Answer: Almost certainly, Yes! The risk of suffering a critical illness or disability is unbelievably high. Calculate your risk here. You should also consider your personal circumstances and the added financial strain that could be brought about by dealing with a serious illness or disease. Public and private health insurance plans typically do not provide coverage for day-to-day living expenses such as travel to and from treatments, home care and child care.
How much does it cost?
Answer: Generally, the younger and healthier you are, the lower the premium (cost). However, the cost varies depending on your age, medical condition, the amount of coverage, the number of illnesses covered by the policy, and the insurance company. When shopping for a critical illness plan, you should consider your income, financial obligations, dependants and health care needs.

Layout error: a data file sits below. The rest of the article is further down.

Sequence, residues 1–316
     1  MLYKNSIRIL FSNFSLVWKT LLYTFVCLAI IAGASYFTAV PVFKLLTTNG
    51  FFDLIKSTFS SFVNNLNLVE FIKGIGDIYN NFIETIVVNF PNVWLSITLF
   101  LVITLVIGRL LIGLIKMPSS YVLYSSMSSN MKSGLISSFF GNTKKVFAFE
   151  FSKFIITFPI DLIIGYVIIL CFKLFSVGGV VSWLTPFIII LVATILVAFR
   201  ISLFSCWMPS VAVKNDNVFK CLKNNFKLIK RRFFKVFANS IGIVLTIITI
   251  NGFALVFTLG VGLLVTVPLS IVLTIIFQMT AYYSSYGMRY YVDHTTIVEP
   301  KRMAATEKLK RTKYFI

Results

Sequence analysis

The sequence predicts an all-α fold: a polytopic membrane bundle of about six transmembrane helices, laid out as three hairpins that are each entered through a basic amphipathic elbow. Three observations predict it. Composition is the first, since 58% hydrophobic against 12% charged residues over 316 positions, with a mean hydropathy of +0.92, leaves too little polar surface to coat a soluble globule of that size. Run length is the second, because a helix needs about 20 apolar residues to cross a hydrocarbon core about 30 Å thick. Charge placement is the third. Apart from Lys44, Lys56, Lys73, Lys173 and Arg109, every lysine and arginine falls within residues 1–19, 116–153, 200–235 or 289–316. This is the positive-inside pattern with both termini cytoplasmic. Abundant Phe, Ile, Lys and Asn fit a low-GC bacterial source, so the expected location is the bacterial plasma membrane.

How can I make a claim?
Answer:You can make a claim if a physician, licensed to practice medicine in Canada and specializing in your particular illness, diagnoses you with a critical illness or disease covered by your policy. Generally, a lump-sum benefit payment will be made to you 30 days after the claim has been approved. There are no restrictions on how you use the money. Once your claim is paid, your critical illness insurance policy ceases.
What if I never make a claim?
Answer: If you die for a reason not covered by the critical illness policy, the premiums you paid may be refunded to your named beneficiary. Some plans will return the premium or a portion of the premiums paid during the life of the policy if the policy matures and no claim has been paid.